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    Home / College Guide / Pipe Bomb Letter Sent to College Newspaper
     Posted on Monday, May 13 @ 00:07:17 PDT

    the Associated Press. "He surrendered the gun and was taken into custody without incident." At a news conference Tuesday, FBI agent Jim Bogner did not say why Helder is suspected, but did say he is "a person of interest that we would like to question." The FBI announced their search for Helder a day after a pipe bomb and letter were found in a mailbox in Amarillo, Texas. The bomb matched the 17 others found in the Midwest and Colorado since Friday. Anti-government notes were attached to the bombs, which warned "More 'attention getters' are on the way." In the letter to the Herald, signed by Helder, he said he is willing to die for his cause and threatened the lives of others. "I will die/change in the end for this, but that's ok, hahaha paradise awaits!" the letter read. "I'm dismissing a few individuals from reality, to change all of you for the better, surely you can understand my logic." Entitled "Explosions! A Bit of Evidence for You!" the letter detailed Helder's philosophies on life and death. Helder cautions people to avoid governmental control. "If the government controls what you want to do, they control what you can do," he said. Much of the letter revolves around Helder's views on death, which he said he believes does not exist.

    "To 'live' (avoid death) in this society you are forced to conform/slave away," the letter reads. "I'm here to help you realize/understand that you will live no matter what! It is up to you people to open your hearts and minds. There is no such thing as death." Helder contends his happiness depends on his examination of authority. "I'm happy because I know," he said. "I often wonder why anyone would be content with believing when they could know." Cameron Helder, Luke's father, said his son is attempting to make his political beliefs heard. "I think he's just trying to make a statement about the way the government is run," he said. Molly Webb, a UW-Madison junior and former classmate of Helder, said he might have a drug problem, but she believed this was not the source of his anger. "I think he just wanted to get his message out there," she said. "He's not the kind of guy who would hurt anyone." Another high school friend, Ryan Swan, played in several bands with Helder and said he was not surprised to learn Helder's story. "He just seems like the type of person who would get on a tangent and go with it," Swan said. Josh Scott, UW-Eau Claire sophomore, worked with Helder three years ago at Rainbow Foods and said he seemed harmless.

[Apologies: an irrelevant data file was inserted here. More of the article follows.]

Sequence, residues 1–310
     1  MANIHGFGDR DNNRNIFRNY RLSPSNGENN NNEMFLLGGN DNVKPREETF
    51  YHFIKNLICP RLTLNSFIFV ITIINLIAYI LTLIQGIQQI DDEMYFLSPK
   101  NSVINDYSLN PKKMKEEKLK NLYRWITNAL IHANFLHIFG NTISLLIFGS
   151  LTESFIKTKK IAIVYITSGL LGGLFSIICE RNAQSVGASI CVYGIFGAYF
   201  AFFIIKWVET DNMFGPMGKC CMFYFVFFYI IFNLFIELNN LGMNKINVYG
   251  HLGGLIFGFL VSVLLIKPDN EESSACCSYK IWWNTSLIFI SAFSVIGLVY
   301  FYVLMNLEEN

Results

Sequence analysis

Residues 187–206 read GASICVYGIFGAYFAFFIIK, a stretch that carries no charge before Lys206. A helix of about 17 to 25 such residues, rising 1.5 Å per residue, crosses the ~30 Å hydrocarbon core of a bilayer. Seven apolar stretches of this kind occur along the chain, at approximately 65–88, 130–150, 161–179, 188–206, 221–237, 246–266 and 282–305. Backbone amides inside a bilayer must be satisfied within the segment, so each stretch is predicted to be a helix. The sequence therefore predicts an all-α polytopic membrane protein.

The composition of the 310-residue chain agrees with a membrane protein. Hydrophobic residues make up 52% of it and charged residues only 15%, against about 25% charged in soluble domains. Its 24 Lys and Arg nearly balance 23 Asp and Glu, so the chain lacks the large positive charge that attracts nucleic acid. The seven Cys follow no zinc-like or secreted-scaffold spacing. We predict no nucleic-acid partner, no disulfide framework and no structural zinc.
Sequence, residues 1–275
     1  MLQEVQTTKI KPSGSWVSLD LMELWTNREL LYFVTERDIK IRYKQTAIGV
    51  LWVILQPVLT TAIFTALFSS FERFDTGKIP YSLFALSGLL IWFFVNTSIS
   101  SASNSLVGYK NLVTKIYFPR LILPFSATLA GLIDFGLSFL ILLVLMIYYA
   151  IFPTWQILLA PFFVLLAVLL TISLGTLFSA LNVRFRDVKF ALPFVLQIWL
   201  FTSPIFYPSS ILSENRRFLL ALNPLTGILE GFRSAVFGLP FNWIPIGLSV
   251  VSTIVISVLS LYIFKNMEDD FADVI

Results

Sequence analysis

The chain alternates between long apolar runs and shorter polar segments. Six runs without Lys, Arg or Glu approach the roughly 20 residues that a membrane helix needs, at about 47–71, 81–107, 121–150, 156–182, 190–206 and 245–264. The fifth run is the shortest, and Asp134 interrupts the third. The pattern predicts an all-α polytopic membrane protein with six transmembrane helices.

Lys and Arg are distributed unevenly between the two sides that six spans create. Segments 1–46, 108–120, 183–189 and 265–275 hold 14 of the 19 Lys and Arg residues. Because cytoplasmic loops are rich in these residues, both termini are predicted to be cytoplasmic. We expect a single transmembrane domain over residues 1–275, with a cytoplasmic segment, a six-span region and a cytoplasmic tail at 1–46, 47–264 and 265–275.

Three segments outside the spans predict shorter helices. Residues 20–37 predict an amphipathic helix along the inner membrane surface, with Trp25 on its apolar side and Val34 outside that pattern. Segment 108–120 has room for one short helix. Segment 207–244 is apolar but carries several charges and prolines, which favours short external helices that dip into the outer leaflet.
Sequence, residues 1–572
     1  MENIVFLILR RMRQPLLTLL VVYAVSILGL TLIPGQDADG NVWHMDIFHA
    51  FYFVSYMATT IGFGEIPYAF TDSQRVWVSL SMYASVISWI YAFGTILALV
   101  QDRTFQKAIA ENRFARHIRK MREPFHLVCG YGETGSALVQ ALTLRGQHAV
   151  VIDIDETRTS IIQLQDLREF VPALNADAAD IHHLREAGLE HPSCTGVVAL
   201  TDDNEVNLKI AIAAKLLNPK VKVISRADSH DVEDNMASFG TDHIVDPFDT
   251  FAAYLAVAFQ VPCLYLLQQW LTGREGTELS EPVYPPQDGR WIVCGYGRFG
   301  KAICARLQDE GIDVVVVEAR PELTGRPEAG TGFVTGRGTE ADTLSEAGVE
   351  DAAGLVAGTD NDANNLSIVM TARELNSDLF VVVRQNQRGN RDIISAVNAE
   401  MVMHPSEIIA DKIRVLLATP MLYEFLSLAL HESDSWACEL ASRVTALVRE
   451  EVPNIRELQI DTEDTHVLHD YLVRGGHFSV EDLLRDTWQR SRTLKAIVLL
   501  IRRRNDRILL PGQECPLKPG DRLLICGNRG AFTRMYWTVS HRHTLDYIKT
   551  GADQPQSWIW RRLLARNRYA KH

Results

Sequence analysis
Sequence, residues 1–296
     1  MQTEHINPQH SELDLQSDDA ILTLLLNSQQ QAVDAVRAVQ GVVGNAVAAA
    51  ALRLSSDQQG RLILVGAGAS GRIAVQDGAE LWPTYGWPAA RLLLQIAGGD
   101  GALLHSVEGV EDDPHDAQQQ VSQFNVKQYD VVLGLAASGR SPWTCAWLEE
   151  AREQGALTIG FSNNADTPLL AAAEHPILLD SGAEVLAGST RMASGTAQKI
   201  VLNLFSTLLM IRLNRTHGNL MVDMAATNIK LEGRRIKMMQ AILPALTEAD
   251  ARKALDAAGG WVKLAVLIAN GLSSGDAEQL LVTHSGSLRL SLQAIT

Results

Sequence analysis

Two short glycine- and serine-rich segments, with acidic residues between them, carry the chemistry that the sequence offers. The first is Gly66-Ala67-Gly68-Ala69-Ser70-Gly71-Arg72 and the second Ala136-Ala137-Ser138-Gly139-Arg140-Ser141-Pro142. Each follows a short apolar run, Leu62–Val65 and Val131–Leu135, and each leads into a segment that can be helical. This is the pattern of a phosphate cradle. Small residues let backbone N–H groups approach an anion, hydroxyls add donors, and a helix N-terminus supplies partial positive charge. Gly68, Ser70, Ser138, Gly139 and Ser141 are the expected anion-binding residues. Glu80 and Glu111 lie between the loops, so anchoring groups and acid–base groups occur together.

"He was a quiet, mellow guy who kept to himself," Scott said. "I remember talking to him about old times, and he seemed like a great guy." However, Scott said he heard Helder holds strong anti-government beliefs. "He always believed he had something important to say," Scott said. John Ender, UW-Stout executive director of university relations, said Helder had no disciplinary problems at school. His only offense was a charge for drug paraphernalia last September. The bombs killed no one, but injured six. Rural residents in Illinois, Iowa and Nebraska were asked to leave their mailboxes open to ease the worry of nervous postal workers. Officials described the bombs as three-quarter-inch steel pipes attached to nine-volt batteries, and said they appeared to be triggered by being touched or moved. UW Stout professors said they last saw Helder April 24; his roommates reported seeing him last week. The 21-year-old is majoring in art and industrial design.

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